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Sienna Miller holds her infant grandson and a picture of Sky Ferreira in "American Woman."

It must have been in 2003 when I happened to catch a few episodes of a British comedy cop show called Keen Eddie. (I say “must have been,” because only four episodes ever aired in America.) In one of them, the female lead character found out that the polite young man who had visited her and drank her tea a couple of hours before was a serial killer who preyed on single women like herself and now knew where she lived. After taking in the news, she started barking out orders to the police officers assigned to protect her, and I found myself thinking, “Wow, it can’t be easy to be that authoritative when you’re a 5’2” woman in her bare feet who’s wearing only a man’s shirt and has tears streaming down her face.”

The actress managed it, and I remembered her name: Sienna Miller. Soon after that, this actress of mixed English and American parentage became tabloid fodder due to her involvement with then-It Boy Jude Law, but she emerged from that to act up a storm as Edie Sedgwick in Factory Girl. And then, more than a decade of frustration, as she took roles in wide-of-the-mark period pieces (Casanova), misbegotten blockbusters (G.I. Joe: The Rise of Cobra), and prestige fare where she played suffering wives (American Sniper, Foxcatcher). I knew that she could deliver the goods if she were ever given the chance. That chance arrives in the shape of American Woman, which opens this week at AMC Grapevine Mills. You’ve likely seen this 38-year-old actress around, but this is likely your first chance to see what she’s truly capable of.

She portrays Debra Callahan, a 32-year-old grandmother in central Pennsylvania who still goes out partying and drinking most nights with a married man (Kentucker Audley). This is the case until her 16-year-old daughter Bridget (Sky Ferreira) goes out one night to try to reconcile with her own baby daddy (Alex Neustadter) and is never seen again. The story then finds Deb at various points over the next 11 years as she’s left to raise her grandson (played first by Aidan McGraw and then Aidan Fiske) on her own. Over that time, she quits smoking, dates an abusive man (Pat Healy), keeps Bridget’s pet rabbit, relapses into alcohol abuse, earns a business degree, dates a nicer man (Aaron Paul), looks after her aging mom (Amy Madigan) and pulls her life together before a break in the case comes from the blue.

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The plot summary sounds like the setup for a Gone Girl-style thriller, but really this is the sort of movie that they supposedly don’t make any more, a working-class drama that in previous years would have made a vehicle for an A-list actress like Julia Roberts or Holly Hunter. Though the movie runs a scant 112 minutes and never leaves the confines of its working-class small town, it feels epic in scope thanks to the way it depicts Deb’s slow, fitful progress toward becoming her own woman and embracing maturity. Director Jake Scott (whose one previous effort was the science-fiction thriller Morgan) manages to draw this out without hitting any dead spots or turning the story portentous. Early on, Deb reacts to her daughter’s disappearance by getting drunk and crashing her car, and Scott conjures a great, phantasmagoric image of her white outfit bobbing up and down in ghostly fashion as she walks home, dazed and bleeding, down the center line of the deserted highway.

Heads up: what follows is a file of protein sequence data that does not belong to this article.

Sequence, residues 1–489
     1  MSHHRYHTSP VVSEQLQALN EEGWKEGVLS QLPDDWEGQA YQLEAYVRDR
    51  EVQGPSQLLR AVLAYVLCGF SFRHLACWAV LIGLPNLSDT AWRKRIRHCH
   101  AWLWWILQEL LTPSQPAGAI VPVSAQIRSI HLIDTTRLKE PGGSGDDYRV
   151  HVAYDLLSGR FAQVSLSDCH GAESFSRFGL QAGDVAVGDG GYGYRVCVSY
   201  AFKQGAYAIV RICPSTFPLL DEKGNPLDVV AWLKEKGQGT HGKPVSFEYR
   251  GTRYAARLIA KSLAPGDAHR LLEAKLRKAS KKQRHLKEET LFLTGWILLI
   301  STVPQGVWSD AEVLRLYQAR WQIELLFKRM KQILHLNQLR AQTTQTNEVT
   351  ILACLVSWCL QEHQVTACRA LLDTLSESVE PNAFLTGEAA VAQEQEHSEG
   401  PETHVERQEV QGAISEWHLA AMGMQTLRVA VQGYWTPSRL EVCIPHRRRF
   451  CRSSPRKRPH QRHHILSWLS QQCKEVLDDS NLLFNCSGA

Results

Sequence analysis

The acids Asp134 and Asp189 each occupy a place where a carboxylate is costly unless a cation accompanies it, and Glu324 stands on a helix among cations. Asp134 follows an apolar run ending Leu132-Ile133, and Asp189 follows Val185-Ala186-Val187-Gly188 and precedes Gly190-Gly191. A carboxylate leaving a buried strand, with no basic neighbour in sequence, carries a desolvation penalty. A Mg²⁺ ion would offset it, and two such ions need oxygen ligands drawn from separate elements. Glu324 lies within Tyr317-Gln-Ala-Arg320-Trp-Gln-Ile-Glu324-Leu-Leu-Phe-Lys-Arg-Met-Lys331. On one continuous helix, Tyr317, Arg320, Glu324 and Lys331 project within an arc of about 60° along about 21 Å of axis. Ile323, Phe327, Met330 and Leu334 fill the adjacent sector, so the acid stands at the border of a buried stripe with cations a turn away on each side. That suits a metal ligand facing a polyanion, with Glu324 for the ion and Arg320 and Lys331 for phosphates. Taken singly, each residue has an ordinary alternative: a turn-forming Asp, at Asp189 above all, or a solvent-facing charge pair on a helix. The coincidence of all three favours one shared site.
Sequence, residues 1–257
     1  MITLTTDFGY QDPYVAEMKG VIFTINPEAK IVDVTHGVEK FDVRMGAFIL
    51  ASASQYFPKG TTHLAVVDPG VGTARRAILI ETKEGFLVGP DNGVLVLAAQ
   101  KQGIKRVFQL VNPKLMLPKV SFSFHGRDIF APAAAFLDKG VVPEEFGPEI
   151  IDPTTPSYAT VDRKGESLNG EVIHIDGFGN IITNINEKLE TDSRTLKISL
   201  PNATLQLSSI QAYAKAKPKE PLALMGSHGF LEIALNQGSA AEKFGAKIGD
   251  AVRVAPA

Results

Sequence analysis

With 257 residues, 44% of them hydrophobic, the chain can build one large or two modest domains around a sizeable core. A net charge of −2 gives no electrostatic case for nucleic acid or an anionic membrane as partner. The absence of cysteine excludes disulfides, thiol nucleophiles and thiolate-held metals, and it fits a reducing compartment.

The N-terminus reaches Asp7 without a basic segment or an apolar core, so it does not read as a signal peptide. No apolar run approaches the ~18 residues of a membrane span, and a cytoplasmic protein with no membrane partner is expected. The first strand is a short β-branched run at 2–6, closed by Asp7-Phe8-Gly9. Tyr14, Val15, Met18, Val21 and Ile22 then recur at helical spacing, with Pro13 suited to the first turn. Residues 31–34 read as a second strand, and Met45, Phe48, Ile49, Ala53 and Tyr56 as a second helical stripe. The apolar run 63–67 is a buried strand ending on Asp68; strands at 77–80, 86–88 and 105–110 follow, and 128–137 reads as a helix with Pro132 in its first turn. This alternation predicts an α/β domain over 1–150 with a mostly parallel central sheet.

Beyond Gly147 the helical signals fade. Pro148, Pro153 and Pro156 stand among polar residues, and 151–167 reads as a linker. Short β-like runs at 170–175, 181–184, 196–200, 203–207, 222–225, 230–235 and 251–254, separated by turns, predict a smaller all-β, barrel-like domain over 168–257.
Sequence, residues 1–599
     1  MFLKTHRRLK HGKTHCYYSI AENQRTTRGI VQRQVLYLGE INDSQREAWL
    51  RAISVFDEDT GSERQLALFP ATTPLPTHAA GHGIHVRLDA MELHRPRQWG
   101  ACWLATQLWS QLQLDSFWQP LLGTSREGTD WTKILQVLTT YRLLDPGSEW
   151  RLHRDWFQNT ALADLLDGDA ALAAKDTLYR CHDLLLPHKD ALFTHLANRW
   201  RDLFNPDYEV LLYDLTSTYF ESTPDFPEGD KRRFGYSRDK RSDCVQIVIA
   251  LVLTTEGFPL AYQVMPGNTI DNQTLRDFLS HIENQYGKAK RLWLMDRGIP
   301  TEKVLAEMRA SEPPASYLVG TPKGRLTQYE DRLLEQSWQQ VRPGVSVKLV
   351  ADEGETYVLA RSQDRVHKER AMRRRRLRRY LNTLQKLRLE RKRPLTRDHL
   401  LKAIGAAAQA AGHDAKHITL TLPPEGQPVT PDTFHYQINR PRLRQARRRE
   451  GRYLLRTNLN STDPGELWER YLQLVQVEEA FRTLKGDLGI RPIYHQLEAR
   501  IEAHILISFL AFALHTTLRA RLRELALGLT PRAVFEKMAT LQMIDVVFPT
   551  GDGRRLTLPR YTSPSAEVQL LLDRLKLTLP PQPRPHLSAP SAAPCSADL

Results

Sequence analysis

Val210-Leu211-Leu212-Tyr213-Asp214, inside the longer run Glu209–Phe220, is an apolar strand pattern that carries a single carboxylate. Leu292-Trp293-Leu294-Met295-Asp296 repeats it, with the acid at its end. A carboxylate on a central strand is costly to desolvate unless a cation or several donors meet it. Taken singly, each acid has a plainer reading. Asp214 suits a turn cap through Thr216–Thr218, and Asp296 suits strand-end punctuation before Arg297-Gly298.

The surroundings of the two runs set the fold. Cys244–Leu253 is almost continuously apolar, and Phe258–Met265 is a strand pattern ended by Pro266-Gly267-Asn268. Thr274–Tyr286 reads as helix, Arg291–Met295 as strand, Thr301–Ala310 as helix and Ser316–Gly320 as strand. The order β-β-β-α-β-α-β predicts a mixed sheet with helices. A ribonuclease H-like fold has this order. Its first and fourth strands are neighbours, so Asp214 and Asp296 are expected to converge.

An unexpectedly moving performance comes from MadTV alum Will Sasso as Deb’s brother-in-law, a laconic type who seems to feel all of her setbacks with her. Still, you can’t look away from Miller as the brash, hard-swearing, combative Deb. She excels in the big scenes, as Deb unravels after her daughter’s disappearance, but she’s even better in the quieter moments here, as Deb finds the strength to persevere in the face of cheating boyfriends, the drudgery of her bartending job, and a face-to-face meeting with a prison inmate who claims to have killed Bridget. Note, too, how she and Christina Hendricks (who plays Deb’s responsible older sister, who lives across the street) match their Pennsylvania accents to each other to convince us that these two women who look nothing alike are indeed related. Without Miller’s performance, American Woman might turn into a slog, but her galvanizing, unvarnished, resilient presence gives power to this drama of personal growth.

American Woman

Starring Sienna Miller and Christina Hendricks. Directed by Jake Scott. Written by Brad Ingelsby. Rated R.

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